Ok...enough of the modified Christmas carols. One of the many things I found so interesting about Kara were her stories about her Chinese side of the family, and all the great foods she grew up with and fun times shared over traditional meals. Our first Chinese feast was amazing, featuring my personal favorite Cantonese dish - Honey Walnut Prawns, as well as a whole red snapper, gai lan (Chinese broccoli), and pea shoots.
How would we possibly follow that up you might ask? Well, with hot and sour soup and tomato beef chow mein, of course! Our quest for this meal began with a trek out to Super H-Mart in Fairfax. Kara called her mom on the way there with some clarification about the ingredients. She mentioned dried mushrooms...lily root...and a black fungus. She wasn't sure of the name, but described it as looking kind of like seaweed, and black. So we set out through the aisles of the store in search of the ingredients and much to our surprise we found a package of wood ear mushrooms with some writing, presumably in Korean, and in big bold letters in English, "BLACK FUNGUS". Who would've thought the mystery black fungus would simply be called, black fungus?
Seeing as how tonight was a rainy dreary night it was perfect for some delicious soup and satisfying noodles. We started with the ingredients we picked up at H-Mart and added some ground pork, some sirloin and of course some killer tofu. Our first step was to rehydrate our dried ingredients in water-the aforementioned black fungus, the lily root, and dried mushrooms .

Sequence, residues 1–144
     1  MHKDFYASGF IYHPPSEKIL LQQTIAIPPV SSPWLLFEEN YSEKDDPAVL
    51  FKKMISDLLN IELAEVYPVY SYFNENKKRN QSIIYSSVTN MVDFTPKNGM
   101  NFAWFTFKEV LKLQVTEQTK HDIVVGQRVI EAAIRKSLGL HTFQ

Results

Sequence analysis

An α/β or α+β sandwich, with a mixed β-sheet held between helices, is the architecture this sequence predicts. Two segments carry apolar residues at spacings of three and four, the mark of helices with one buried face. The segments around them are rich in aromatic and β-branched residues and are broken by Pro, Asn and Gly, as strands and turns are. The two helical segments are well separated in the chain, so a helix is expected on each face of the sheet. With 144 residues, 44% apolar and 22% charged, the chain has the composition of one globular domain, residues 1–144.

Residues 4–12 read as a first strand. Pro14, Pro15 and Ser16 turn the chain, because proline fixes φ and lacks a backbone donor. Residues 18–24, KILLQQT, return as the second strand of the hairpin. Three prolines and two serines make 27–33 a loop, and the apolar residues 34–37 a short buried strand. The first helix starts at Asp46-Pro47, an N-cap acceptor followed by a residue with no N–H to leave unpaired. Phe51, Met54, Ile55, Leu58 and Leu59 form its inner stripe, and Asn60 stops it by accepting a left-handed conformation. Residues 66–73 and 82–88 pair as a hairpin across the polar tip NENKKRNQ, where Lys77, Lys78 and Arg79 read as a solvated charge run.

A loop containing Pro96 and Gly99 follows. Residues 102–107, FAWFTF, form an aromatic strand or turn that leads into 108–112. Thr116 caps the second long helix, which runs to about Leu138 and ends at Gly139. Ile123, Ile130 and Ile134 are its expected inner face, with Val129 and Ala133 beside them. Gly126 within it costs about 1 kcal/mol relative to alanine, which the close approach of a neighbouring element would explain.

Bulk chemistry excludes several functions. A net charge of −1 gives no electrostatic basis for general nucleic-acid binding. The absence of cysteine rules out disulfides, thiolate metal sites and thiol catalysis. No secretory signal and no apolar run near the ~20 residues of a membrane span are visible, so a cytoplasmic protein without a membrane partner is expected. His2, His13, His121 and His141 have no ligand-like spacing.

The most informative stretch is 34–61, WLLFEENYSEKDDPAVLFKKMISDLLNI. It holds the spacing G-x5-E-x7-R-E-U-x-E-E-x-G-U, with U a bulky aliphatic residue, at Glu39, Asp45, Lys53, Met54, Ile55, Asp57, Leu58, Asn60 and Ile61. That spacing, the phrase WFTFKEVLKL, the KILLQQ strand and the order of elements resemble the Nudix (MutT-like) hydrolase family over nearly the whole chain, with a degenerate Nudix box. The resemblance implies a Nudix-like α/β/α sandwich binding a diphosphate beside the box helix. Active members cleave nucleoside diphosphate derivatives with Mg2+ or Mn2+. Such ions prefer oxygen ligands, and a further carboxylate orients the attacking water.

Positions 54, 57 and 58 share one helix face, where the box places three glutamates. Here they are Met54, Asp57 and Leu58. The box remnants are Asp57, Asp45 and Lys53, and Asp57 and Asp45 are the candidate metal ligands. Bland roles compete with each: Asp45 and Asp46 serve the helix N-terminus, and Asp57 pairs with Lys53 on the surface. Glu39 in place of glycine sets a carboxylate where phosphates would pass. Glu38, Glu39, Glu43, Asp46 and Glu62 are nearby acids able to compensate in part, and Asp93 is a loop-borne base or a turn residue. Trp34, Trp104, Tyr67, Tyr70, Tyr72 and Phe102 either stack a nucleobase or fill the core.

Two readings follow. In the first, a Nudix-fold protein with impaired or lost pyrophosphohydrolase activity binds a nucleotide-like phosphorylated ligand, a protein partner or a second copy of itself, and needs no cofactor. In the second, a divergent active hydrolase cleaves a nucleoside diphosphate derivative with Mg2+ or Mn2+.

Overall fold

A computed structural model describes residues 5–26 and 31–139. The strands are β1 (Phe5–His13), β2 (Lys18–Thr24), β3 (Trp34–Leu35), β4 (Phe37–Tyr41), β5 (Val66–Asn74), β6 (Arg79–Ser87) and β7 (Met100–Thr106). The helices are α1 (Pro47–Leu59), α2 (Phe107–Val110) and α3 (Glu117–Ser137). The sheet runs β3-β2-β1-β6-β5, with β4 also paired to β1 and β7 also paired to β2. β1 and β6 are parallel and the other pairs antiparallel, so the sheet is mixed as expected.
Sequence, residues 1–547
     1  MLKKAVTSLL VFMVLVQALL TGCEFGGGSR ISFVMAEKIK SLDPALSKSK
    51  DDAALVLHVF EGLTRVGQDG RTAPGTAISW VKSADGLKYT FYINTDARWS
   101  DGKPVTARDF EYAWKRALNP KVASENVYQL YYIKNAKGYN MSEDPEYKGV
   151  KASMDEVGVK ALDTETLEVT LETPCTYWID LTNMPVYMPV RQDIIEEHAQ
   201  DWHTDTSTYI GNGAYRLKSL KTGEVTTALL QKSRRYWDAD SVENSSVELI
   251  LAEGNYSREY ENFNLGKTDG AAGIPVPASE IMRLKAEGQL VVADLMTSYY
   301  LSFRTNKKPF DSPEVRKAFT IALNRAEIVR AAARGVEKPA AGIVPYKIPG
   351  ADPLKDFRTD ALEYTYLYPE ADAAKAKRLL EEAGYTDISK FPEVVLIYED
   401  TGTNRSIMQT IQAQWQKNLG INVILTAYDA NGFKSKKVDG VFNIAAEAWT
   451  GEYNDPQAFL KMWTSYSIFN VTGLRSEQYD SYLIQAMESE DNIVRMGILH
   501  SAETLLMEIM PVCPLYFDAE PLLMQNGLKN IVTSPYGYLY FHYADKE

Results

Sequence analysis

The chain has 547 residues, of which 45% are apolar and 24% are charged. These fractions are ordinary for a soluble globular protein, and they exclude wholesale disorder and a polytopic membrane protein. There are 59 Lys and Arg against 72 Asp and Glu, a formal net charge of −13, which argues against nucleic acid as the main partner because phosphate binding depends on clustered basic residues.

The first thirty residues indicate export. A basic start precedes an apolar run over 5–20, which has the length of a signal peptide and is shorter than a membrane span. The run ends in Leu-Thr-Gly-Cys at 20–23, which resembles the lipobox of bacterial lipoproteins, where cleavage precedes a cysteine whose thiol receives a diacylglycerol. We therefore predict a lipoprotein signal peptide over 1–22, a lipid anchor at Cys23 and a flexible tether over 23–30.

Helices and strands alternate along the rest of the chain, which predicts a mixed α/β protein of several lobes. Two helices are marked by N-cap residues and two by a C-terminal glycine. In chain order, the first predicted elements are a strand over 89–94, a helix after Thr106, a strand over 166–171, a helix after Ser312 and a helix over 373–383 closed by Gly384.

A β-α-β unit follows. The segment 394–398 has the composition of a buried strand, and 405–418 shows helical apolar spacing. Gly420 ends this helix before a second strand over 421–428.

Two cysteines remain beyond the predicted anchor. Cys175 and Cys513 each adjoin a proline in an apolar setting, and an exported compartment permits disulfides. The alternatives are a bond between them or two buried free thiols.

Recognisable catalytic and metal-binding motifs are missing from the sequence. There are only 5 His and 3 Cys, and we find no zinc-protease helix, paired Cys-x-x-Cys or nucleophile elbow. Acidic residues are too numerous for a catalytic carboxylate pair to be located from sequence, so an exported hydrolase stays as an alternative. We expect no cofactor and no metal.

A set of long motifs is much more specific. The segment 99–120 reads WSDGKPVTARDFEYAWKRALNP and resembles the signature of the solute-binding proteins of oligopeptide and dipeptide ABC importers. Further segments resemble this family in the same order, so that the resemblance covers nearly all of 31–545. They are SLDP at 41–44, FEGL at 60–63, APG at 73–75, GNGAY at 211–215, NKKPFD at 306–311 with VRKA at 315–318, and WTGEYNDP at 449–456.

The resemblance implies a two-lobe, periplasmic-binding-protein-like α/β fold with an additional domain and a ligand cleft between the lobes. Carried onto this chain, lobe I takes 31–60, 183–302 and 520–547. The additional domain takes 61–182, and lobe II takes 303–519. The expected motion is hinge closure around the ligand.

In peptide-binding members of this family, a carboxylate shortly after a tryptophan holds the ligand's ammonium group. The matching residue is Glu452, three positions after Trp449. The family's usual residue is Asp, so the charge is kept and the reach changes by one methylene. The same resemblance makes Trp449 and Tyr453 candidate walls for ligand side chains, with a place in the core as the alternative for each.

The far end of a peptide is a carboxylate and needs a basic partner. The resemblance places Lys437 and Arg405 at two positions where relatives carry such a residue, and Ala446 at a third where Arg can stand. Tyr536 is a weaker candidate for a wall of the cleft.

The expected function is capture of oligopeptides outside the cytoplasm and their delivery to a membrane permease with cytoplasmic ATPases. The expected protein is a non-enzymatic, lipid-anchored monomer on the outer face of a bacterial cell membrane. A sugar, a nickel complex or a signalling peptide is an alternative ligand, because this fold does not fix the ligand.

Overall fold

The next step was to get everything into the hot tub with some chicken broth. We seasoned our soup with some black pepper, vinegar, and a little Sriracha sauce.
While our soup was cooking, I got to work on seasoning the beef. Just a quick dredge in some flour and a toss with some soy and sesame oil. The beef then got stir-fried in a wok with some green peppers and onions. Some tomato sauce, curry, and hoisin sauce was then added to the wok.
While our beef was frying the next step was to get our noodles were boiled, like pasta, then put under the broiler to give the dish a nice crunchy texture. The beef and sauce then gets poured over the noodles.
The meal came together and we had a quick, tasty, authentic Asian feast whipped up on a Monday night.
With plenty of leftovers, since we still can't cook in small portions.